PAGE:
Wednesday, January 25, 2012

Just finished writing a short story. Do you: A) Give it a rest, or B) Dive in and revise?

This was an interesting discussion thread on a forum, which got me thinking.

When I wrap up a short story, I like to take a short break from it. At least one to two days, giving me a chance to sleep on it and letting my neurons replenish. Inevitably, the next time I read it, I find issues. Often those issues crop up on passages or dialogs that I previously felt were toasted to golden brown perfection.

Why is that?

Why does your prose smell sweet in your current editing session only to have it emit a foul odor 2 days hence?

Even more interesting, since you know you're going to view your prose more critically in 2 days and uncover where improvements are needed, why can't you skip the 2 day cooling off period and ferret out those sore spots immediately?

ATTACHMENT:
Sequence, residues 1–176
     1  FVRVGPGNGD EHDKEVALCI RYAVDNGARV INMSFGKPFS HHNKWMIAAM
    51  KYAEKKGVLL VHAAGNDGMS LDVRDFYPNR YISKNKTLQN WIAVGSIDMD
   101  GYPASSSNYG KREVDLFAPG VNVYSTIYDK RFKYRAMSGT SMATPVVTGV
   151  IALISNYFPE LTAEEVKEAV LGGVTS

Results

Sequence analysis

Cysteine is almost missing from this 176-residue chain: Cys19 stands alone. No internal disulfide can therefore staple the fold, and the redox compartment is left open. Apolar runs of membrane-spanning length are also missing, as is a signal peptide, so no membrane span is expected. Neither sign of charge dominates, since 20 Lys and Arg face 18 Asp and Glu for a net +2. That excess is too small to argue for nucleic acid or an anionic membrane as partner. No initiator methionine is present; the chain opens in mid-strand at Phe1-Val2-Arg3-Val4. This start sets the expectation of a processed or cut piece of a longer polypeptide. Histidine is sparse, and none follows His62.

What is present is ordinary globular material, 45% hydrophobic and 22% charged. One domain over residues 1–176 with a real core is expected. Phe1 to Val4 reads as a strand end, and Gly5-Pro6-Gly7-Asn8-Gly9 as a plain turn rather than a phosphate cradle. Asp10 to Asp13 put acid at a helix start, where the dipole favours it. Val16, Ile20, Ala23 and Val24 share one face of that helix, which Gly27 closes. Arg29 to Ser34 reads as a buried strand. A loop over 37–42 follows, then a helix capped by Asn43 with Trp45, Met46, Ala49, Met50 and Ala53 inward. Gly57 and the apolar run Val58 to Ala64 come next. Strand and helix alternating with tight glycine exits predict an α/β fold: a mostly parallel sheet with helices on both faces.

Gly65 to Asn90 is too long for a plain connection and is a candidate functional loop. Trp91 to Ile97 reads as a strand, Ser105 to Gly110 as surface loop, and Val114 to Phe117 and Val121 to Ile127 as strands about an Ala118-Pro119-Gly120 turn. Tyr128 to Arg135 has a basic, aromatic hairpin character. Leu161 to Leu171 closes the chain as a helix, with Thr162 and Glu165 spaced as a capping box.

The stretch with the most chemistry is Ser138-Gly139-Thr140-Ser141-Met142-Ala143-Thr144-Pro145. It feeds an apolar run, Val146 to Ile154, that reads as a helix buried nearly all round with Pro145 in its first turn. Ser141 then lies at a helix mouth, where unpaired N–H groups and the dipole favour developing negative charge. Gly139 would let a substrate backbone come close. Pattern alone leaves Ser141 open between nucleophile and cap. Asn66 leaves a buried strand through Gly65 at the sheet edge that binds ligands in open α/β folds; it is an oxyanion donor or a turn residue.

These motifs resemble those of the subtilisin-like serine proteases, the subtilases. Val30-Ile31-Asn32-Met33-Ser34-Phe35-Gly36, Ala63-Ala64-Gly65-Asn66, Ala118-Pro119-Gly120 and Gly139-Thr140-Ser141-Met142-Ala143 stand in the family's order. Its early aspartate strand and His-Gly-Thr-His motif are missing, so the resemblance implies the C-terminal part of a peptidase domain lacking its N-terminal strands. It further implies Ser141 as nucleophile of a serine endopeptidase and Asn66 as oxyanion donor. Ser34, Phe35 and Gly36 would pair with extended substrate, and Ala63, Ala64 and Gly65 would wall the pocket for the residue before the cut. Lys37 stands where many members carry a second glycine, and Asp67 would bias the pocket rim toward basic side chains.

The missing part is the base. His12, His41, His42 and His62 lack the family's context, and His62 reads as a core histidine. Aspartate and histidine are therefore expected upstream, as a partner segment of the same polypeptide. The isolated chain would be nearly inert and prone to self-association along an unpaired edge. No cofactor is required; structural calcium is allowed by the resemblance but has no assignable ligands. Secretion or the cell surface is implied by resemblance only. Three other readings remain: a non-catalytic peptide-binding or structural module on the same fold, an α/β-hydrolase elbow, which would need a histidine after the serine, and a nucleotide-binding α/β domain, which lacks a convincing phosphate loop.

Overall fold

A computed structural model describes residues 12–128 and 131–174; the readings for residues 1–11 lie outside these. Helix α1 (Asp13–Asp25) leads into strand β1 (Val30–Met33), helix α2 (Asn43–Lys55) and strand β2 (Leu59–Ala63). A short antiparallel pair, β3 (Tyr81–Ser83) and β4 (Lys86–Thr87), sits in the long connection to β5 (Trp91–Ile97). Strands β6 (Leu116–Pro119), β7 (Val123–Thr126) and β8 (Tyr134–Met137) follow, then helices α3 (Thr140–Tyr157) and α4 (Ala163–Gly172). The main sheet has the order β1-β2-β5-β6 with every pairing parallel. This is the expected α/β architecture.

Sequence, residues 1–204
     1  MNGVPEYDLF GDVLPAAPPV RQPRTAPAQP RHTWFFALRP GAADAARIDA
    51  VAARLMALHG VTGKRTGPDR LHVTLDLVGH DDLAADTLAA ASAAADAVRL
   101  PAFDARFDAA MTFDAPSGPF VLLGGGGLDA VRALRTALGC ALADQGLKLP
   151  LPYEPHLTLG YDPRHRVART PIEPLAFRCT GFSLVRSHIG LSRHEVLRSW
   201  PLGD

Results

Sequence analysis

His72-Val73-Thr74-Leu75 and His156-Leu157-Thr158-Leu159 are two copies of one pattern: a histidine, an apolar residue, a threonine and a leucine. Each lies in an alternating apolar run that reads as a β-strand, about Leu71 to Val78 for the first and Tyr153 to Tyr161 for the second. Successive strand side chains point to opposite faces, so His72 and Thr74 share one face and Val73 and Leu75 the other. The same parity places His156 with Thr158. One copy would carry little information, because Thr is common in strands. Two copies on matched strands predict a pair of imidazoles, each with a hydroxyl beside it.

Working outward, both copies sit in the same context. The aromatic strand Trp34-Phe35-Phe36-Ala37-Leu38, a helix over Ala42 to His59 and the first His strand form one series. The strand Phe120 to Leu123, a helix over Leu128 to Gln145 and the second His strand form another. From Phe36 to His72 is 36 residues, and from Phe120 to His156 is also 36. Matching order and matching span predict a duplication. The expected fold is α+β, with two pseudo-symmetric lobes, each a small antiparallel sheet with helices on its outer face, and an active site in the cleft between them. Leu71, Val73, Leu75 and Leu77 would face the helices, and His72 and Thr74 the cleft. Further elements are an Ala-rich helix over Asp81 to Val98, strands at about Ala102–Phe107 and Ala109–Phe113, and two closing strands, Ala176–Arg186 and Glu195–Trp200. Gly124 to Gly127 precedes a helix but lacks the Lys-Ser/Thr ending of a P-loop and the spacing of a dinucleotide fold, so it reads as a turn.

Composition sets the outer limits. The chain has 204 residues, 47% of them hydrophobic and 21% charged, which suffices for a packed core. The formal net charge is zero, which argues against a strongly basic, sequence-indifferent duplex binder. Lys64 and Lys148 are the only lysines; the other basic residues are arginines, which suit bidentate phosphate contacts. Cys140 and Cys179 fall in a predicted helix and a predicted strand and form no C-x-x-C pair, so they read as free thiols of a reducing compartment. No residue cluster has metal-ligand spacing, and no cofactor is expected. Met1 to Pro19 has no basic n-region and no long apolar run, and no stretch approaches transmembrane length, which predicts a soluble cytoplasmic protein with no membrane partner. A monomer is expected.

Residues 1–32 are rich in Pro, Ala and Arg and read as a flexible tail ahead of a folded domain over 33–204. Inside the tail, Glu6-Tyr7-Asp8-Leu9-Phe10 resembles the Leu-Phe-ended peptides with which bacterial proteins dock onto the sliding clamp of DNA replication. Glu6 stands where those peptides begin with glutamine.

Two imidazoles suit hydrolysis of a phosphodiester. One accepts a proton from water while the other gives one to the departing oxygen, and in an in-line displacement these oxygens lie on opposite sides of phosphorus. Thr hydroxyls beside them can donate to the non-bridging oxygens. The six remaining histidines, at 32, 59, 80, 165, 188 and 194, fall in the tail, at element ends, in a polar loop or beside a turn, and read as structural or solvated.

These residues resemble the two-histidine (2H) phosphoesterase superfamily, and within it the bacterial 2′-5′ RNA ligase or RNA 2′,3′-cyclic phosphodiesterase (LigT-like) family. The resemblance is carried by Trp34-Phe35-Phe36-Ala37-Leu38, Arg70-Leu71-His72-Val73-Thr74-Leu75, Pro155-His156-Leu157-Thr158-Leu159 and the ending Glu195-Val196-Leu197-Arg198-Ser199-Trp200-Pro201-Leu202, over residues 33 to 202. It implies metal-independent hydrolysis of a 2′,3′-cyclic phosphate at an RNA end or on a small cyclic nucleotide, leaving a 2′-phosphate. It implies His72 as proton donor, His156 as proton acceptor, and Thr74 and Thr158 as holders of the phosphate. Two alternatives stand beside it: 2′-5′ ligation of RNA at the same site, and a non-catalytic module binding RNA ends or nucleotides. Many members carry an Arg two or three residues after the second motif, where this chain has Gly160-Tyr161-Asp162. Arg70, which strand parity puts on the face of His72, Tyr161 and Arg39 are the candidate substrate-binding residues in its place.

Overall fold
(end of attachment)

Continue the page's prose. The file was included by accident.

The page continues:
I can certainly chalk it up to: creative juices ran low and must be restocked. Got that. 

Funny thing is, I haven't found a way to significantly increase the capacity of my creative juice battery or reliably shorten its recharge cycle. For editing and revising a just completed story, I'm at my best with a 24 - 48 hour break from it. Sure, I can be somewhat effective making edits sooner, just not AS effective.

I think I've bumped up against some kind of universal constant, at least for my writer brain.  

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